So, for the last three years or so, I’ve been working as a funeral director’s assistant. It was quite a transition from publishing.

I pretty much do everything but arrange funerals.

From premature babies to those over 100 years old, I’ve experienced death up close and personal.

I’ve done dozens of house calls to transfer the deceased back to our funeral home and assisted at well over 500 funerals.

It’s been over three years since I wrote about skateboarding and over 25 years since I connected with Dansworld to write my first piece.

It feels wonderful to be writing again.

I want to thank my family, my wife Michal, daughter Maya and sons Jonathan and Ethan. They have been incredibly supportive of everything I’ve done.

They’ve also been monumentally patient and understanding too. Without them, I’d be nowhere.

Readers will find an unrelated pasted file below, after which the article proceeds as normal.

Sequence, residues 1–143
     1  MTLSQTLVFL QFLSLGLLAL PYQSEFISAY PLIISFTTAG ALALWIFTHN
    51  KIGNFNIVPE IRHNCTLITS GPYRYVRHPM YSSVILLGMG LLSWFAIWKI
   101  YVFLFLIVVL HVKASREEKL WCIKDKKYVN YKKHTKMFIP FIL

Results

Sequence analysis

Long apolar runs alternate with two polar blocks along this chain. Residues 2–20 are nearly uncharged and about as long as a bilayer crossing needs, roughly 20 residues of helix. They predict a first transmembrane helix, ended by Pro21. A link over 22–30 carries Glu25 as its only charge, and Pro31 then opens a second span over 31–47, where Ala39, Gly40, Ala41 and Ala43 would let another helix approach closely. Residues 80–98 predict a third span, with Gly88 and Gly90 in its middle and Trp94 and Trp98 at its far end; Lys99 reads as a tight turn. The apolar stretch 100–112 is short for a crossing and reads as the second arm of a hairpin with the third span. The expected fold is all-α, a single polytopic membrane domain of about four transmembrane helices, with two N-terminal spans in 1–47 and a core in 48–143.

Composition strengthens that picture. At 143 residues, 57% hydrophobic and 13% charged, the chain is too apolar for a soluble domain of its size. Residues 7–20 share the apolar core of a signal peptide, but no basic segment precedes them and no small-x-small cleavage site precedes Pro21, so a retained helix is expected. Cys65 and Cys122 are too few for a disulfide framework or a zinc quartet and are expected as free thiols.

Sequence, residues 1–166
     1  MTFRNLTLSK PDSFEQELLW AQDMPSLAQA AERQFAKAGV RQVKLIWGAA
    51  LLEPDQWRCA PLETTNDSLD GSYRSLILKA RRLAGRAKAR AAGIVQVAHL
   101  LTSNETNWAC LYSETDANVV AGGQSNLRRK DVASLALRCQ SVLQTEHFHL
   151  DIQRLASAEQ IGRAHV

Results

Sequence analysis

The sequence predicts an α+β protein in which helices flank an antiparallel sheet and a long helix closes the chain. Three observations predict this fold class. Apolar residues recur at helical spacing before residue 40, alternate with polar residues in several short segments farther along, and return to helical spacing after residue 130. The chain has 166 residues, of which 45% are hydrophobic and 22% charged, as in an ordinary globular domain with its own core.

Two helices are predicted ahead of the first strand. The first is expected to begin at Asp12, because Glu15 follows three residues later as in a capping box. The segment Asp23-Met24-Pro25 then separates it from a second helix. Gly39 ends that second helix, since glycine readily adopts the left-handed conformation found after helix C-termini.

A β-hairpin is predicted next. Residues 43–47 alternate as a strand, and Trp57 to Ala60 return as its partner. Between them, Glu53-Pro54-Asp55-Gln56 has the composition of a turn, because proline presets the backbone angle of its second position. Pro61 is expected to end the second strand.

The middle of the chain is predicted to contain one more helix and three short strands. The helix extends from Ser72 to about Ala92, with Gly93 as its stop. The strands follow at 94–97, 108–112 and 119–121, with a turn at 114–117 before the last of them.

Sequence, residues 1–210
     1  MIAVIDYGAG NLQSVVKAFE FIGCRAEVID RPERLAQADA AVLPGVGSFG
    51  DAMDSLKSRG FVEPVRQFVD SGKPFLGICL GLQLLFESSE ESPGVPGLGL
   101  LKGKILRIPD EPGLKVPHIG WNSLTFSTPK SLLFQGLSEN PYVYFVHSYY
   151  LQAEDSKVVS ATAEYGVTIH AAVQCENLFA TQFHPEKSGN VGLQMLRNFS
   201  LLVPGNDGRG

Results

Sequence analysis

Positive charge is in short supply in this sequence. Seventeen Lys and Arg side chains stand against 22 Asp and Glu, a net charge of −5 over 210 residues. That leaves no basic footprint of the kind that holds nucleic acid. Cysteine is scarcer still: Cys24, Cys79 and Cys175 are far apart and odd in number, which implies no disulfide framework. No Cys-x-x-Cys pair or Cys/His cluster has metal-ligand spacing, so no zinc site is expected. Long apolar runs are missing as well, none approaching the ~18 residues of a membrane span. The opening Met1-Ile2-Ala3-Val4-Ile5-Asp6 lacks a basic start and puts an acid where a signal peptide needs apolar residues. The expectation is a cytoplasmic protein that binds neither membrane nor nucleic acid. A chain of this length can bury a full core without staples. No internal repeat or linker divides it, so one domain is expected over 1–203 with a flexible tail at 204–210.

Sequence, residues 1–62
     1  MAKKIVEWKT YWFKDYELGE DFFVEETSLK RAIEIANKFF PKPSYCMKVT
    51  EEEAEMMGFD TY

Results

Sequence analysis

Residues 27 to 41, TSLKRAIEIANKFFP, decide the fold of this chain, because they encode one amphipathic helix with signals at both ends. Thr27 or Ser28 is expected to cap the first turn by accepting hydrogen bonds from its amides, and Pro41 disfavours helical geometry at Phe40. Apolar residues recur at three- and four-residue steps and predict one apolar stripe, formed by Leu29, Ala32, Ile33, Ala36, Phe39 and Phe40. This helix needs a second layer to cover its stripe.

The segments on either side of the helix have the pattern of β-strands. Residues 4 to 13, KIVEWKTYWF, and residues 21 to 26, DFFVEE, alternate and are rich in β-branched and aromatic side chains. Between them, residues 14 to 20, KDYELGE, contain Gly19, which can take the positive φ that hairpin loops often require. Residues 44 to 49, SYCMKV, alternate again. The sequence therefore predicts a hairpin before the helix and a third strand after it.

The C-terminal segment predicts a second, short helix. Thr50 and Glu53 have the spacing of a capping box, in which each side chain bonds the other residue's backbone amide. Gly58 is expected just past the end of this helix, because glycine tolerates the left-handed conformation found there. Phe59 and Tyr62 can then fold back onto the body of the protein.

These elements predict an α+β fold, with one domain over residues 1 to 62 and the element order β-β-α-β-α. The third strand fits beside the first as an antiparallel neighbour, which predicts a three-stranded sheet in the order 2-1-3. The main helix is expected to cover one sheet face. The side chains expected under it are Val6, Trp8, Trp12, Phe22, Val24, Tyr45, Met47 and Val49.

I’d also like to thank Nathan Ho for inspiring me and being a catalyst for me to start writing again.

My hope is that this book inspires my fellow skateboarders to think about death and dying from a different perspective – a perspective that is uniquely ours.

Skateboarders: they value the time put into riding a skateboard | Photo: Shutterstock

1. Balancing the Risk vs. Reward

Think about the first time you stepped on a board. Were you a little bit scared or anxious?

Chances are you might have had some trepidation, but it was mitigated by the sheer joy and freedom you saw other skaters experiencing, and you wanted some of that!

So, you took a chance, jumped on the board, and were hopefully rewarded.

It is not just a question of balancing on a skateboard, but how you balance the risk vs. the reward.

Skateboarders know that falling can produce painful and sometimes lethal consequences.

But all those worries and fears are cast aside for the reward that is riding. Now think about the first time you learned to drop in on a mini-ramp or bowl.

Again, you probably felt a little anxious but knew instinctively that the reward would be truly worthwhile.

It is the combination of risk vs. reward that forms the first part of a skater’s lens, and we carry this throughout our life.